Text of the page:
It's the one weekend of the year when young children are guaranteed to wake up an entire hour later. Alas – parents won’t feel the benefit...
That’s right, it’s time to adjust your watch (or simply check your smartphone) and make sure that your circadian rhythms don’t make you late for that important Sunday appointment... The clocks have gone forward; British Summer Time has officially begun and Genome is celebrating by looking back at some of the ways in which we’ve marked the spring clock change over the years.
Just as BST celebrated its 18th birthday in 1934, the National Programme broadcast The Extra Hour, a feature about the father of the clock-change: William Willett, “builder and health-enthusiast”, and his campaign for daylight saving. Billed as a serio-comic tale, it looked into the struggles that Willett faced to get the clock change effected, giving the “thousands who perform this now annual operation” an insight into the “difficulties, prejudices, and opposition encountered by the man who first thought of doing what they now do annually almost without thinking”.
The Extra Hour: A Summer-time Symposium. In praise of William Willett... how summer-time came into being... various views of summer-time, rustic and urban and a procession of summer sports and pastimes. Devised and produced by Laurence Gillian
Willett (incidentally the great-great-grandfather of singer Chris Martin), was described in the Radio Times as a builder and a businessman who was also “a lover of the sun and the open-air”. He was a keen golfer; and if you believe writer Laurence Gilliam, one of Willett’s main incentives was gaining an extra hour of daylight so he could get in an extra 18 holes before sunset. If only the rest of society would agree to surrender a precious hour of sleep…
Nowadays, the clocks always go forward on the last Sunday of March, but in its early years BST happened later. The very first was in May, 1916, but ensuing clock changes happened around Easter, which is why The Extra Hour was broadcast on 21 April.
Sluggard awake! Six years later, the BBC exhorted the lazy among us to arise with the help of a radio “time-switch”, which promised the end of rude awakenings by raucous alarm clocks. This invention was intended to make the passage between sleep and wakefulness a more gradual and soothing experience. The article promised it could even work in conjunction with the automatic tea-making machines then coming onto the market. Its timely inclusion in the Easter issue of Radio Times meant it was certain to be seen by readers who were still adjusting to the loss of an extra hour of sleep.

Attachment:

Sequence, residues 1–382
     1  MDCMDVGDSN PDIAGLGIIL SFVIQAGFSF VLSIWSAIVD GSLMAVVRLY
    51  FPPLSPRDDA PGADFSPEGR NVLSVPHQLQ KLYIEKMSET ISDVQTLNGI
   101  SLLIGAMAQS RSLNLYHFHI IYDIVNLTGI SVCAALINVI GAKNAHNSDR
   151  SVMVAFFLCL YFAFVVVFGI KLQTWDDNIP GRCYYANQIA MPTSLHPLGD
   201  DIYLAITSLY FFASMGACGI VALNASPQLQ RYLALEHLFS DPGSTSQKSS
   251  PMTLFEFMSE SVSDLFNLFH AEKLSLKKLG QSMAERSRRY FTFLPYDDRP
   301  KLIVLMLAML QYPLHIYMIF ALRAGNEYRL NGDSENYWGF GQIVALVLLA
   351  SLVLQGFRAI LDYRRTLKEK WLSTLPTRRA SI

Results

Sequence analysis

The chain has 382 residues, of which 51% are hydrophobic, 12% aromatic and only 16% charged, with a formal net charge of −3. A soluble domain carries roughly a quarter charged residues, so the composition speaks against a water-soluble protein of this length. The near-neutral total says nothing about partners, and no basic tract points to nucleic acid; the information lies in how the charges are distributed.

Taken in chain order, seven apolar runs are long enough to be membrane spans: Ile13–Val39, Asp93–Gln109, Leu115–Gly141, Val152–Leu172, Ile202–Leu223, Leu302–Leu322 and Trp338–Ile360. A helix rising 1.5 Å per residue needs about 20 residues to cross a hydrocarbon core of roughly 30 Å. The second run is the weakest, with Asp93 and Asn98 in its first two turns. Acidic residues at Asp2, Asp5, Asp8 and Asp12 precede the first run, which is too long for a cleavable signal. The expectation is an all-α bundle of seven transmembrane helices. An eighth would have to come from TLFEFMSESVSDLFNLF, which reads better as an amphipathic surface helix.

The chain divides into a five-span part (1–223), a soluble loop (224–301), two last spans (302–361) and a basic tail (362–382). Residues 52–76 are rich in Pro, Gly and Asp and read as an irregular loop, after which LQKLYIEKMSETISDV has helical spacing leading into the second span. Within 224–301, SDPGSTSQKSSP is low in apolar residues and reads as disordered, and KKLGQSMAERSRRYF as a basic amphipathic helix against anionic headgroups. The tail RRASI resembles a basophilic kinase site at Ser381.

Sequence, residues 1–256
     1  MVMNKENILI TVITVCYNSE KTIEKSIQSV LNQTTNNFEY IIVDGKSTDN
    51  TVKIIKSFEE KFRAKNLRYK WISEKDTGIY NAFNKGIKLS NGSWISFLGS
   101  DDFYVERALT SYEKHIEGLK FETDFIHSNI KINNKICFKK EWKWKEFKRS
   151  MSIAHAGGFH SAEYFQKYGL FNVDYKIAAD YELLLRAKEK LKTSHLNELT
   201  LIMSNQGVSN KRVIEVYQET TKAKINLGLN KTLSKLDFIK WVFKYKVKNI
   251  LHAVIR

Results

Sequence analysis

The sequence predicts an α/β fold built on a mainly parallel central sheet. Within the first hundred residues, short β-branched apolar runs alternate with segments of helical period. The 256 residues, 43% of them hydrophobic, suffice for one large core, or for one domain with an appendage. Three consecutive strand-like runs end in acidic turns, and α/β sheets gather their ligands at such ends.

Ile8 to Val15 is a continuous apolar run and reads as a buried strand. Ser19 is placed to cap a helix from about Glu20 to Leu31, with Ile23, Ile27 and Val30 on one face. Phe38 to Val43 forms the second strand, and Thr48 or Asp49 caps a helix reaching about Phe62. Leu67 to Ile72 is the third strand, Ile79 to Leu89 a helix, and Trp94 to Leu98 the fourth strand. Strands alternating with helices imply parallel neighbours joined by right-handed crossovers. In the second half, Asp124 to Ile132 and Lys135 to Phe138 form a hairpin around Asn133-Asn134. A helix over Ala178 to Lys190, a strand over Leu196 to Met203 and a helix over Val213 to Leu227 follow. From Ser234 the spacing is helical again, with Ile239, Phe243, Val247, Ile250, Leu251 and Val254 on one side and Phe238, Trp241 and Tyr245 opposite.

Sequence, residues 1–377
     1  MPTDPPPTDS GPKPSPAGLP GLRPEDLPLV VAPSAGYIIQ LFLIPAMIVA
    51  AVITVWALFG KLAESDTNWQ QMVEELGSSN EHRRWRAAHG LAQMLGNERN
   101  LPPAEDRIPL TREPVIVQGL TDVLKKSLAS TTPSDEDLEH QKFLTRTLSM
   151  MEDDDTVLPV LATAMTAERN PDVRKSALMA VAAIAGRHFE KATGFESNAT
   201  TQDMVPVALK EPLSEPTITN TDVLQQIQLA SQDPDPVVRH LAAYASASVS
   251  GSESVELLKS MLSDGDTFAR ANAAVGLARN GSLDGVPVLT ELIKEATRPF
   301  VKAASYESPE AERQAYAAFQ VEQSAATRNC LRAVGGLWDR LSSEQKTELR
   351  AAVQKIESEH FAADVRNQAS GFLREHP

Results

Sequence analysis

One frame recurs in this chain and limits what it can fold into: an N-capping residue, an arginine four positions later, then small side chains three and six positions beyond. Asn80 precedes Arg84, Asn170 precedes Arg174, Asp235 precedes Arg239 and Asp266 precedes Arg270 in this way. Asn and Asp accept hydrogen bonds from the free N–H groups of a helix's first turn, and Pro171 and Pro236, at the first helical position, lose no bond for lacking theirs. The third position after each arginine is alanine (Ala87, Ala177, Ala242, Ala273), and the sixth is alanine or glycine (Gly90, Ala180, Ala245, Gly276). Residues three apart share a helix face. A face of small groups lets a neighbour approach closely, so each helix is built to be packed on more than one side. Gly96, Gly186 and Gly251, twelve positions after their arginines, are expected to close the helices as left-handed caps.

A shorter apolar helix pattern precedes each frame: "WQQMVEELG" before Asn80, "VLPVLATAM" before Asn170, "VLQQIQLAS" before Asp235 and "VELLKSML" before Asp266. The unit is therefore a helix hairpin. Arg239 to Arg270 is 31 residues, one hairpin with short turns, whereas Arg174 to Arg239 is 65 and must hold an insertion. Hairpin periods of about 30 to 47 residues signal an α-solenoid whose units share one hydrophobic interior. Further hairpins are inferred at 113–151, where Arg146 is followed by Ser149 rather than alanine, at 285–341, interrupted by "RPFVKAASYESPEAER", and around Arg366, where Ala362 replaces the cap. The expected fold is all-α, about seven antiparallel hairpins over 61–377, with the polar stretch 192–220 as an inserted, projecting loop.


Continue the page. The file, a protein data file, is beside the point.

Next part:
The Sluggard Reformed: with the aid of a time-switch and the BBC early-morning exercises
Notably, this issue came out in 1940 - the year that the clocks were not put back at the end of the Summer, allowing an extra hour before blackout during World War Two. For the next seven years, (with the exception of 1946), the UK operated under Daylight Saving Time permanently, with an extra hour added in summer (“Double Summer Time”).
The news that British Double Summer Time would not be continued into 1948 was announced by the Prime Minister, Clement Attlee, on the Home Service, on 13 June 1947. But before that happened, at least one programme examined the possibilities provided by extra evening’s sunlight. In May 1947 gardening presenter Fred Streeter looked at how the clock change could benefit the gardener, in his series In Our Garden.
Fred Streeter took over from CH Middleton as presenter of long-running series In Our Garden
In 1966, the BBC celebrated the 50th anniversary of British Summer Time, with An Hour in The Sun – a retrospective by broadcaster Derek Parker. Could he have guessed that a mere two years later the country would be experimenting with continuous summertime – dubbed British Standard Time. According to Radio 4 Reports: Keeping us in the Dark, the move (discontinued in 1971), had angered a great many “who like to go to work or take their children to school in daylight”.
By 1989, the clock change was occasionally getting its own listing. This was at a time when most channels were not broadcasting overnight, so it was just a reminder for the audience. There has been some disparity through the years as to whether the actual “event” should be recorded at 1am, or 2am: technically, the clocks go forward at 1am, and back – in October - at 2am.
In 2009, the clock-change day brought about a very dynamic experience for Blue Peter presenter Helen Skelton, who was tasked with helping to move the hands of Big Ben forward one hour at the appointed time. It may have been an early start for her, but she’s got nothing on the Windsor Palace clockmaker, who is responsible for 450 clocks, according to 2005 programme The Queen’s Castle. I certainly wouldn’t want to be doing that job this Sunday.